It was a rough-and-tumble place that catered to the livestock industry nearby: butchers, cattle men, and drovers (the guys who marched animals down to this district of stockyards and slaughterhouses).

“Out-of-town drovers and city butchers congregated in the smoky, low-ceilinged rooms of the Bull’s Head Tavern, which stood just below modern Canal Street amid a jumble of stables, cattle pens, and slaughterhouses,” states Gotham: A History of New York City to 1898.

Besides boozing, gambling, and carousing, Bull’s Head patrons enjoyed another attraction: bear-baiting, a not uncommon colonial pastime.

There was a celebrity patron too: George Washington. He and his staff met here on Evacuation Day in 1783, after British troops left the city.

The Bull’s Head thrived here as late as the 1820s, until the neighborhood became more genteel and residents drove the tavern and the slaughterhouse industry uptown—to about today’s Third Avenue and 24th Street.

[Bottom sketch: NYPL Digital Collection]

The tasty food of a colonial Dutch New Year’s Day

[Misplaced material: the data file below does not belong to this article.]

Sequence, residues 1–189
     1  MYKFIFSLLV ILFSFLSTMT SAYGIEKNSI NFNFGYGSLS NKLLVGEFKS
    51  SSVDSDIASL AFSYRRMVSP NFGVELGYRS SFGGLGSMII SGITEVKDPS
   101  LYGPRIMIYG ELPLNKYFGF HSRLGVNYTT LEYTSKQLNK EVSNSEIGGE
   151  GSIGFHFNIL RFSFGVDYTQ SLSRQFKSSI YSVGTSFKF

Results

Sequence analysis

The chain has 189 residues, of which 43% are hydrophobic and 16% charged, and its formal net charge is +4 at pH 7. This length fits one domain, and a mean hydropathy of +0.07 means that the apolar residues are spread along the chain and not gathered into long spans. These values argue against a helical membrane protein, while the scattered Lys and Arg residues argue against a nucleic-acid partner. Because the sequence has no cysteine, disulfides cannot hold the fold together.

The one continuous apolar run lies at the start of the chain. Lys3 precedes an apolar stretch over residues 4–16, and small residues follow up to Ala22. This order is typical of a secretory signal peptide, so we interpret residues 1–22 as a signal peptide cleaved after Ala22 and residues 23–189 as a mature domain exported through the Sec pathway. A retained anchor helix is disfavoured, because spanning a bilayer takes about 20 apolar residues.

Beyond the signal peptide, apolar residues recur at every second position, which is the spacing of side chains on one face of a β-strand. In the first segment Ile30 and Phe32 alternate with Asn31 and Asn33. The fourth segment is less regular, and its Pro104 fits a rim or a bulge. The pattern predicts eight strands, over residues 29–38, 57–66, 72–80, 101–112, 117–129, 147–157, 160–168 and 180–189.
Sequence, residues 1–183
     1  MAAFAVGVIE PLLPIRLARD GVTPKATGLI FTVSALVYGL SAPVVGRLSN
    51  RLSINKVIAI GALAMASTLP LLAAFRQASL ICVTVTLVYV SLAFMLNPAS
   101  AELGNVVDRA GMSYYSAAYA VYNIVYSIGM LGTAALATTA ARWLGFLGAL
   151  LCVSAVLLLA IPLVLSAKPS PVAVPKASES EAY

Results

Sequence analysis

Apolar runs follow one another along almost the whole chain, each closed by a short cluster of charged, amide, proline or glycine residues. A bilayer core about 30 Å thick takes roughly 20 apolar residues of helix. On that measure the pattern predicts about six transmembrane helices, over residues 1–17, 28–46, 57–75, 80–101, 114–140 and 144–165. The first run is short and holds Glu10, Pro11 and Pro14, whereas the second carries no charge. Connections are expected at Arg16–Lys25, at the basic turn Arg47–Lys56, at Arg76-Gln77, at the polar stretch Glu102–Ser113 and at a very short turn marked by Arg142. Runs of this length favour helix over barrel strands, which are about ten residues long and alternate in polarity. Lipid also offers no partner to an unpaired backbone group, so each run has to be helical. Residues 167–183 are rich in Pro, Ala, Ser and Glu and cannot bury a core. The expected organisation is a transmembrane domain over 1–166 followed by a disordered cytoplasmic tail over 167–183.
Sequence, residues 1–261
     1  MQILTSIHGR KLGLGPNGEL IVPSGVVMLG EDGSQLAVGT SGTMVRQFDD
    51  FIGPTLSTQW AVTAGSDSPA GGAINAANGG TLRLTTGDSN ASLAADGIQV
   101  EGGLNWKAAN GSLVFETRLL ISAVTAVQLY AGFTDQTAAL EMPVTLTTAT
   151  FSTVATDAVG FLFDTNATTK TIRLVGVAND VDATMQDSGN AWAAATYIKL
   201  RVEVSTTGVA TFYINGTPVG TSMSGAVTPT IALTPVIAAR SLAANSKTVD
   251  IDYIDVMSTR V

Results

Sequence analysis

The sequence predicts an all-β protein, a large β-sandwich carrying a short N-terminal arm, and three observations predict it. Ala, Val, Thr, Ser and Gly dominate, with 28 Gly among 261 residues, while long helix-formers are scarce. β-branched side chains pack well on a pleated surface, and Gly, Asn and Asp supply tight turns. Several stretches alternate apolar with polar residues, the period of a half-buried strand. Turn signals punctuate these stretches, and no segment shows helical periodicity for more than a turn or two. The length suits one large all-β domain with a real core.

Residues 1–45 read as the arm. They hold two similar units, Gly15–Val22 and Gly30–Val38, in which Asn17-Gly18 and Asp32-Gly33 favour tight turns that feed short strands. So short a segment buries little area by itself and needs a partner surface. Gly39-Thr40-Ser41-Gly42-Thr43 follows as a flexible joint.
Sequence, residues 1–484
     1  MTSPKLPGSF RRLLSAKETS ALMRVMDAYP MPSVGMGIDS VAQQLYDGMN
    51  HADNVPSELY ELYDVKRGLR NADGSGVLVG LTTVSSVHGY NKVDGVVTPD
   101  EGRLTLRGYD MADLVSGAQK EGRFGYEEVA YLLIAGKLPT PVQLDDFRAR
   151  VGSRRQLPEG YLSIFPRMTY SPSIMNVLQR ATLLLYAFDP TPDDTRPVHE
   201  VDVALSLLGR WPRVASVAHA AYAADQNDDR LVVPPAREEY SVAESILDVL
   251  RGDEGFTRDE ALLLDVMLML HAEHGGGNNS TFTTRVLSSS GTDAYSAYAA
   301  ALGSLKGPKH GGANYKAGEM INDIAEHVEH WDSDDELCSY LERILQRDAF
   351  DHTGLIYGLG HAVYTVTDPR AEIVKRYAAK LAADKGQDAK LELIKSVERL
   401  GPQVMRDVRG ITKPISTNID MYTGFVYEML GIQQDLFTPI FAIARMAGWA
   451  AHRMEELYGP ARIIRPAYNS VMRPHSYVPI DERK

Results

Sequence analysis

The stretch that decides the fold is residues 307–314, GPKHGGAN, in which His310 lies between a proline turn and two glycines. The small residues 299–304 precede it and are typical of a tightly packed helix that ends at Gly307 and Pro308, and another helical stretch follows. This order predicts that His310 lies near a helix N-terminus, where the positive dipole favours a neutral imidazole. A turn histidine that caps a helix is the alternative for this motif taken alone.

December 27, 2011

“New Year is the greatest day in New Amsterdam,” stated Charles Burr Todd in his 1888 book, The Story of the City of New York.

Why so great? It probably had to do with the incredible feast served by each household, as citizens went door to door visiting one another that day.

Here’s an example, according to Todd:

“[In] the centre of the table, spread in the middle of the room, a mighty punch-bowl well reinforced by haunches of cold venison and turkeys roasted whole, and ornamented with cakes, comfits, confectionery, silver tankards, and bekers filled with rare Medeira and foaming ale.”

One type of cake regularly served on New Year’s Day was the olykoek, kind of a doughnut. Try making that on January 1 and see if your New York guests appreciate your effort, as well as the colonial backstory:

“The Dutch olykoeks as described in books about old New York are evidently a mouth-watering concoction,” writes The New York Times in a 1937 article about lost New Years traditions.